New research findings could lead to safer and more powerful lithium-ion batteries

October 27, 2017, Virginia Commonwealth University
Credit: CC0 Public Domain

Virginia Commonwealth University researchers are working to improve conductivity and safety in lithium-ion batteries, which are used to power many electronic devices around the world, including laptops, iPods, satellites, artificial hearts and cell phones.

Instability in batteries due to liquid-state electrolytes that help carry charges from one battery electrode to another is one hazard scientists can prevent, said Puru Jena, Ph.D., a distinguished professor in the Department of Physics in the College of Humanities and Sciences. Despite this instability, liquid-state electrolytes are commonplace in lithium-ion batteries due to their conductive superiority over more stable solid-state electrolytes.

Theoretical studies by Jena and colleague Hong Fang, a postdoctoral fellow in the Department of Physics, show it is possible to design solid-state electrolytes not only to be as conductive as their liquid counterparts but also very stable. Their findings, which were published in the Proceedings of the National Academy of Sciences this month, could lead to safer and more powerful lithium-ion batteries.

"Theoretically, you can have your cake and eat it too, when it comes to the stability and conductivity," Jena said.

Electrolytes, which are central to a battery, are salts composed of positive and . Positive ions are atoms that have more protons than electrons, while negative ions inversely have more electrons than protons.

In a lithium-ion battery, positive lithium ions flow between electrodes via electrolytes. Lithium ions can flow freely through liquid-state electrolytes but are less mobile in a solid-state , which adversely affects conductivity.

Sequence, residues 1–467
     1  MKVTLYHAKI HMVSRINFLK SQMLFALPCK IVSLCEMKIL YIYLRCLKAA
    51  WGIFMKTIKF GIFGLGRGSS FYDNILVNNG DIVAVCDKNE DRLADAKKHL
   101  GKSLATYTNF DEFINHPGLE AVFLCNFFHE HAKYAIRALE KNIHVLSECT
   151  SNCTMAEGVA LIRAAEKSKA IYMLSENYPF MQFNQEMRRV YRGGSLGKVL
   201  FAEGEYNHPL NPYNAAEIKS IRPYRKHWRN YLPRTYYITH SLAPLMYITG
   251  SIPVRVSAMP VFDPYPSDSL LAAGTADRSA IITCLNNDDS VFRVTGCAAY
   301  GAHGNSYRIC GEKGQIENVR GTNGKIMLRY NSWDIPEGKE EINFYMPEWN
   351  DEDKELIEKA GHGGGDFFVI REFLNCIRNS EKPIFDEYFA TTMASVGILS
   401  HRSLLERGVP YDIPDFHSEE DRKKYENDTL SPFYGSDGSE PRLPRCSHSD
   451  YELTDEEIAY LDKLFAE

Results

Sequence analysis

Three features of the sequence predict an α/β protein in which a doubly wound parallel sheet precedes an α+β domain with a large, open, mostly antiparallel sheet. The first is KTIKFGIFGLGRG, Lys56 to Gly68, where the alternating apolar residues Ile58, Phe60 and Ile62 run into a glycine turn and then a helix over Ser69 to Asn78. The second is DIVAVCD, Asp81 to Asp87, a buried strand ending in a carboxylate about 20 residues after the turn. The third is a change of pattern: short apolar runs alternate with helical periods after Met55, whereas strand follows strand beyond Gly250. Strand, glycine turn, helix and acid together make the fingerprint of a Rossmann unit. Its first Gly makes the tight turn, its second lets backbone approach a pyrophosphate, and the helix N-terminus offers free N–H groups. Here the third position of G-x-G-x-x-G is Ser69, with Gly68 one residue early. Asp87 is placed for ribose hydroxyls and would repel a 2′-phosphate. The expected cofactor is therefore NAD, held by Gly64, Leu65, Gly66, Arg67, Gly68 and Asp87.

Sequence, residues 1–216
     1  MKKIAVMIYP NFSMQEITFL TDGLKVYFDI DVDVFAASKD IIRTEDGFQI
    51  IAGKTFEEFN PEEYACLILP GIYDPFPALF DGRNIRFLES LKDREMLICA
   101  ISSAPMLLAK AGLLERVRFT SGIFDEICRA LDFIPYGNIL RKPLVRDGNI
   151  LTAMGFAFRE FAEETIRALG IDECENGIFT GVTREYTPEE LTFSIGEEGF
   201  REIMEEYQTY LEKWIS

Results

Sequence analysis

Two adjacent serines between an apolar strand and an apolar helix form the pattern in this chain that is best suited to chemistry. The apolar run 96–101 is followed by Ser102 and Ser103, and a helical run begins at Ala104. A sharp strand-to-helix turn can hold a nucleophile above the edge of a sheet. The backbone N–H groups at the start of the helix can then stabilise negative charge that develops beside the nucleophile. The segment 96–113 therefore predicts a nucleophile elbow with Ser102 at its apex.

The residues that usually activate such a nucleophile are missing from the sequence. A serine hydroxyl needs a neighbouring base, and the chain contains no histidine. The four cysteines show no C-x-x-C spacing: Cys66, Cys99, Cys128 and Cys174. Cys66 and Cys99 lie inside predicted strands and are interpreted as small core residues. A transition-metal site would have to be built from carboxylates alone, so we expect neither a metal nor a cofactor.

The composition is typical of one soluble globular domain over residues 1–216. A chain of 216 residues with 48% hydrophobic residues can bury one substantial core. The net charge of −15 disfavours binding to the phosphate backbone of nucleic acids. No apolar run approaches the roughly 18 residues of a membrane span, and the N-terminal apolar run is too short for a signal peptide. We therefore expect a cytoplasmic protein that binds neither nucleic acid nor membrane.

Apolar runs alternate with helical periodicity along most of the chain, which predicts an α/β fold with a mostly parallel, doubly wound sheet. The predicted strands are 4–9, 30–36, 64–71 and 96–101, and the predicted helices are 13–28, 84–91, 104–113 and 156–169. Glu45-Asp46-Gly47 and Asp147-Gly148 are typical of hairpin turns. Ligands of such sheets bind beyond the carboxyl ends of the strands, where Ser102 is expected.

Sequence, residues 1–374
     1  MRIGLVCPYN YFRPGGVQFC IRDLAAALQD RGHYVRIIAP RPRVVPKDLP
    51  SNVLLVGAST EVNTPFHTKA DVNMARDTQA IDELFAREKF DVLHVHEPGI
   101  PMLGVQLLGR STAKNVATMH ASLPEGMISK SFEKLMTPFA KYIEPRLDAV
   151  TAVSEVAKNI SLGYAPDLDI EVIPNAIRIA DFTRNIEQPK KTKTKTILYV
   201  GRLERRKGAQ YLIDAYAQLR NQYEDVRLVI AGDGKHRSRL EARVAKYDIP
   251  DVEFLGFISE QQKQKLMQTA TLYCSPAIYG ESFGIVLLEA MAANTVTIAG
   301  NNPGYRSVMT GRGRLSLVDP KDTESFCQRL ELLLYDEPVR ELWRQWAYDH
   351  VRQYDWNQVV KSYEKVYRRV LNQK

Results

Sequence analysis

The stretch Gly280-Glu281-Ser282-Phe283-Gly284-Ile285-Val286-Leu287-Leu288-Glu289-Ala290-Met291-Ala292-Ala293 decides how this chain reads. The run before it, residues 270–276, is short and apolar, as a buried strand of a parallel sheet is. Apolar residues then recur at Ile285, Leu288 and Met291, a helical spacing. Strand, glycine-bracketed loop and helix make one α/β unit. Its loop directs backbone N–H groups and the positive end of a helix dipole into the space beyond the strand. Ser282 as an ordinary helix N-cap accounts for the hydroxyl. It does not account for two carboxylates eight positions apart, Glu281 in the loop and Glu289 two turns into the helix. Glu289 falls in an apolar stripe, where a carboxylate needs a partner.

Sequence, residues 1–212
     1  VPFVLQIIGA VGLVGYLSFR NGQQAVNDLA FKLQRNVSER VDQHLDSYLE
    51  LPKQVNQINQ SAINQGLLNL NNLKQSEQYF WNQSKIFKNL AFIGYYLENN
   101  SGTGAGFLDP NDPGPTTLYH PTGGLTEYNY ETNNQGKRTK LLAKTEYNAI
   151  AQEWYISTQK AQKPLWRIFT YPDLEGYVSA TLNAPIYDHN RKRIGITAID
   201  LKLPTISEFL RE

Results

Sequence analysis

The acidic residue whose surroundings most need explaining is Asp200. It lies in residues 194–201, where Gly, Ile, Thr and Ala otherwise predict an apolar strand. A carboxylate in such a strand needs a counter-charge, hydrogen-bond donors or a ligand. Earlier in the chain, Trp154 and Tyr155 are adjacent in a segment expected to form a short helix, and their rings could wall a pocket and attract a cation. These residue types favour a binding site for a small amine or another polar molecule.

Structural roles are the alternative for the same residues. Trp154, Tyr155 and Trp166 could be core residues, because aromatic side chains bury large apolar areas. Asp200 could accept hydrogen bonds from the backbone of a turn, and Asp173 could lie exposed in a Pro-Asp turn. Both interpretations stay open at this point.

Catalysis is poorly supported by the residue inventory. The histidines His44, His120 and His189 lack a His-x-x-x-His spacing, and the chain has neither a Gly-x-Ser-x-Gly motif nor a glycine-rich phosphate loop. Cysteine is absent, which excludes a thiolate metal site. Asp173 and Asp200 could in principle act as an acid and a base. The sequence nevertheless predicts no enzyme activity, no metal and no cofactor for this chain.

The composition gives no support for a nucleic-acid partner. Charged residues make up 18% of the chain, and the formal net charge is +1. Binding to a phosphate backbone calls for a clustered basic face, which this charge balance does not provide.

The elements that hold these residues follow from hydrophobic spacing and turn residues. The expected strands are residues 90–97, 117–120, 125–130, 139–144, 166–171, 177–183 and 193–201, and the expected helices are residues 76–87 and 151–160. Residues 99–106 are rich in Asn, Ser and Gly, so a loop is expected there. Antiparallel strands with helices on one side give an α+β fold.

To improve the conductivity in , the researchers produced a computational model in which a single negative ion is removed. Negative cluster ions—groups of atoms with more electrons than protons—replace the absent ion.

The scientists conceptualized a twist on a specific solid-state electrolyte previously tested by other researchers. Originally, the electrolyte, which belongs to a family of crystals called antiperovskites, contained positive ions made of three lithium atoms and one oxygen atom. The positive ions were joined with a single chlorine atom that was a negative ion.

In the computational model, the chlorine atom is replaced by a negative cluster ion created by one boron atom and four fluorine atoms joined to the existing .

Other combinations of negative cluster ions were identified to potentially enhance conductivity.

"Replacing the chlorine ion with cluster ions improves because these ions are larger and allow the lithium ions to move quickly, as if they were in a liquid," Fang said.

Jena and Fang are now in search of collaborators to test their computational model in a laboratory setting for eventual applications.

Explore further: Solid crystals that self-assemble to form channels for an electric current could make safer batteries

More information: Hong Fang et al, Li-rich antiperovskite superionic conductors based on cluster ions, Proceedings of the National Academy of Sciences (2017). DOI: 10.1073/pnas.1704086114

Related Stories

Building a safer lithium-ion battery

July 12, 2017

Lithium-ion batteries have become an indispensable power source for our proliferating gadgets. They have also, on occasion, been known to catch fire. To yield insight into what goes wrong when batteries fail and how to address ...

Recommended for you

First proof of quantum computer advantage

October 18, 2018

For many years, quantum computers were not much more than an idea. Today, companies, governments and intelligence agencies are investing in the development of quantum technology. Robert König, professor for the theory of ...

Shining light on the separation of rare earth metals

October 18, 2018

Inside smartphones and computer displays are metals known as the rare earths. Mining and purifying these metals involves waste- and energy-intense processes. Better processes are needed. Previous work has shown that specific ...

Placing atoms for optimum catalysts

October 18, 2018

Fuels, plastics, and other products are made using catalysts, materials that drive chemical reactions. To design a better catalyst, scientists must get the right atoms in the right spot. Positioning the atoms can be difficult, ...

0 comments

Please sign in to add a comment. Registration is free, and takes less than a minute. Read more

Click here to reset your password.
Sign in to get notified via email when new comments are made.